The Grand Tour
In 1881, fifteen-year-old Amy returned to Germany to “finish her education.” A charming San Francisco woman, Mrs. Amelia Burrage, took the heiress and five other hardy and swashbuckling California girls with money to a beautifully furnished house in Dresden, originally constructed around 1730 for Augustus, elector of Saxony. It was as sumptuous as an apartment in Versailles. There, the “young, prankish and romantic little imps,” were expected to improve their equestrian skills, perfect their table manners and elocution, and learn how to play the part of, if not a perfectly plumed and perfumed princess, a fetching facsimile.
According to Amy, the girls learned nothing at all of any practical value or educational merit but rather became proficient in a number of things that would make their dear old Victorian mothers reach for their prayer-books:
(It was) one of those curious schools which Europe creates especially for American girls where you learn…to act like a duchess, to flirt outrageously, to wear the clothes of a society woman ten years older than your age, to smoke, to drink and to carry on with the handsome, heel-clicking young officers of the court in their musical comedy uniforms…
The girls were schooled in the art of pleasing the young German noblemen. It was in Dresden that amorous Amy had her first experience being swept away by a dashing man. He was a certain German prince who had the handsomest uniform in the world, the most romantic saber-scars and a terrible reputation. They became engaged. It was very formal, but very short-lived lasting only a month.
The climax of Amy’s Dresden education was being presented at court to the King and Queen of Saxony. It was her graduation from childhood. With the assistance of a Paris couturier, coiffeurs and specialists in “maquillage,” Amy was made to look like “something between a wax doll and Catherine of Russia in full array.”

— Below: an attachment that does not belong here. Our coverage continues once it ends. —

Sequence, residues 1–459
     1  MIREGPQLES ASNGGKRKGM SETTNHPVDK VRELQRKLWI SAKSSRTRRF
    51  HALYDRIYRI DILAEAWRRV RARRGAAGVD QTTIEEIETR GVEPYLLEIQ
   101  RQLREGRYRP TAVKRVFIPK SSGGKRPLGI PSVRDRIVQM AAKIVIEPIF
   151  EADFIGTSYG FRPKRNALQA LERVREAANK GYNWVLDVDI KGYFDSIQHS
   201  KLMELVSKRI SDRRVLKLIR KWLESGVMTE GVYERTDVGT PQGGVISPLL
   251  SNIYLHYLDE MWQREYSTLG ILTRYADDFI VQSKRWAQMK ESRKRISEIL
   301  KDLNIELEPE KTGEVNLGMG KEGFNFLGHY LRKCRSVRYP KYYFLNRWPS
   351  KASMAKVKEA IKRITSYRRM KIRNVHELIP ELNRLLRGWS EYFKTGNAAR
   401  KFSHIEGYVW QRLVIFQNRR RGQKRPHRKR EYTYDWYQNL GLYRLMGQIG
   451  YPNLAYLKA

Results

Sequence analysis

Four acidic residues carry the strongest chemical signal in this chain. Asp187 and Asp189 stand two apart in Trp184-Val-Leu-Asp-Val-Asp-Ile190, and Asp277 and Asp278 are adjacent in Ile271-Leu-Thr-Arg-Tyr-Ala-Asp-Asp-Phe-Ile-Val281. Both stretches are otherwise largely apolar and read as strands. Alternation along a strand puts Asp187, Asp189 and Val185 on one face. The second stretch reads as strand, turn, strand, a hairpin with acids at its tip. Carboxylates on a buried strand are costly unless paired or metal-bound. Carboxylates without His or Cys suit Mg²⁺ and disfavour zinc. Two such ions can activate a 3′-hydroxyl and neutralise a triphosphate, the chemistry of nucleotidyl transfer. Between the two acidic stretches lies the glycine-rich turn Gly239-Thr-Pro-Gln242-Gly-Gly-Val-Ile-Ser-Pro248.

Mrs. Burrage was a fine woman, of good social standing in San Francisco. She took the job as duenna to the young women of the Wild West because her fortune at home needed some padding. She became bedazzled by the luxuries of the Old World and spent the wealthy California parents’ money recklessly. Like a magician’s assistant, one day she disappeared in a puff of smoke absconding with a sizeable chunk of fun money. Amelia Burrage left the six teenage girls alone at the Dresden mansion. They remained there for two months unchaperoned until their mothers got the news, arranged their affairs, and came to collect them.
Amy, all the more uninhibited without supervision, followed up her brief adolescent engagement, with a briefer adolescent affair. This time with a Spaniard:
The gentleman in question was a toreador. Perhaps not really a great matador (I seem to remember that he was the apprentice or perhaps the servant of one) but to me his greatness was simply enormous.
Most American girls of today will be left cold, as they say, at the idea of a toreador. They have known their Valentinos and their Novarros (whether on the silver screen or in front of the local drug-store), but for a fifteen-year-old tomboy, removed from early Sacramento ranches only by a boat-ride and several yards of silk court-dress, a real live toreador (in the Eighties, too) complete with be-buttoned and beribboned and be-caped costume, was something to take away the breath.
This one took mine.
His name was Miguel. As nearly as I can remember him now he was handsome in that classical, long-eyed, swarthy, swaggering way that Spaniards are supposed to have and all affect. He was brutal, conceited, haughty, passionate, direct, childish and completely irresponsible. He was accustomed to getting… or taking… whatever he wanted. He wanted me…
Mother Margaret learned of the abandonment of the girls, but knew nothing of their capricious hijinks and flirtations with unsuitable young paramours. She sped to Europe to personally extricate her daughter fearing the worst. A week after they left the glorious German city, young Miguel was killed in a corrida according to Amy’s 1936 memoirs.